Guest Post by John Martin:    

As senior pastors, if we are fortunate enough to have a praise and worship person who really wants to do a quality job, we often breath a sigh of relief and say, “I’m glad that is taken care of.  It’s one less thing for me to worry about.”  Then each week we faithfully email our sermon notes, review and approve the order of the worship service(s), and evaluate how well everything worked.  We ask questions like, “Are these songs setting the mood for the sermon?  Were all the PowerPoint slides in the correct order and were all the words spelled correctly?  Did the tech guys turn on the correct microphone and were the lights dimmed and brightened at the right times?”  Then during our Monday morning staff meeting we are quick to debrief our praise and worship leader and offer him/her some constructive criticisms on how the service can be improved.  This is what we see our role to be as the church’s “chief worship leader,” and we are more than happy to do our job.

Indeed, overseeing and evaluating the worship environment is part of our role as pastors. However, as a senior pastor I have had to realize and admit something: I am not the worship leader of the church. I am not equipped to actually stand and lead the music properly. Rather, I am to be the lead worshiper within the church.  Pastor and author John Piper said that worship leaders are “lead worshipers who lead while worshiping, not instead of worshiping”.  I agree whole-heartedly with that statement. And by the same token, we who are senior pastors must understand our role in the worship service.  We are lead worshipers who should worship while leading or influencing from the front row, if you will. The role of a senior pastor must be to set the example as a worshiper who participates in the praise as the musicians stand before us to lead the praise.

As a pastor I have been guilty of sitting in a service and going through my sermon notes “just one more time”.  But let’s face it guys, if we are not prepared for the sermon by the time the praise service begins, we are not going to be any better prepared when it comes time to preach.  I have also been guilty of looking at my watch to make certain that the worship leader is not eating into any of “my” time.  I have sat and made notes about lighting, PowerPoint slides, sound issues, and how much the choir smiled.  All of this during a time when I want my team to inspire the congregation to praise our God! Yet I, the chief worship/praise leader of the church, am guilty of doing everything except focusing on praise.  Honestly now, how many of us pastors want our praise teams to be sitting in the pew going over next week’s sheet music during our sermon?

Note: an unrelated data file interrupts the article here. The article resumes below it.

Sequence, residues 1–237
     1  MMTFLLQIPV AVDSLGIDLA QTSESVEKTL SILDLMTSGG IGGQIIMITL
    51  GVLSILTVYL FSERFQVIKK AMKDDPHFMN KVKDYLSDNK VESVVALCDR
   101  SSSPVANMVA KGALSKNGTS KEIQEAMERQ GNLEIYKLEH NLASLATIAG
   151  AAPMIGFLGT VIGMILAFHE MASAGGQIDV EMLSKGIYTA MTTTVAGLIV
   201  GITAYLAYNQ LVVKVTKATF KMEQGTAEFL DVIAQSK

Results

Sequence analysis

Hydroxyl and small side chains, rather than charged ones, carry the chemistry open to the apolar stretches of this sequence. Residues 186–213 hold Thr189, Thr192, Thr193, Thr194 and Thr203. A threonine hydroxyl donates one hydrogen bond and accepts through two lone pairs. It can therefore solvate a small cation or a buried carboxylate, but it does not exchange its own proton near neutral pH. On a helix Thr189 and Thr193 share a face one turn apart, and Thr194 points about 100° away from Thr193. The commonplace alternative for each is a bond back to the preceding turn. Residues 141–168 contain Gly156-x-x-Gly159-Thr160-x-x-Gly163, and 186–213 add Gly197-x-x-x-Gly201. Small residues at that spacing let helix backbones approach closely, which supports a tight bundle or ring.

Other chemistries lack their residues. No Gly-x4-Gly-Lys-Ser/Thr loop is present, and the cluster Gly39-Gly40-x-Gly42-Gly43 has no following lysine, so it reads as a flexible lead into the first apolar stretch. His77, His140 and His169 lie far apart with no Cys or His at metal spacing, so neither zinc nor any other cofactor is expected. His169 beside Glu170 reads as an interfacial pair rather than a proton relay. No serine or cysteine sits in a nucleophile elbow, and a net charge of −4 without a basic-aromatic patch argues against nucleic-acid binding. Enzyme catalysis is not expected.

Pastors, we cannot lead our people anywhere that we ourselves have not already been.  We cannot teach our people to bring to God their sacrifices of praise in and during the corporate worship time if we are not taking advantage of the opportunity before us to engage in corporate praise and worship as well.

Too Busy to Praise…

When I was growing up, music was a very big part of my life.  I loved to sing and attempt to play my guitar.  Many nights I would go and sit in the yard of my childhood home, look up at the star-filled sky and spend hours playing and singing my praise to God.  I would lie in my bed at night and think about those songs that I had been singing and I would praise God for His goodness and His grace.  But after I began pastoring, praise became less and less important.  I all but gave up the guitar, and I became far too busy praying for “fussy church members” to spend a lot of time praising God.  While I had enjoyed praising God when I had the time, I had to focus on much more “important” items such as sermon preparation and delivery, hospital visits, budget requests, quarterly reports and statistics, and those all important committee meetings.  I just did not have the time or the energy to invest in praise and worship. Besides, that is why I hired a praise and worship guy right?  Wrong!  God had to “hit me over the head” to make me realize that as a senior pastor my priority and my passion must be an active pursuit to praise God.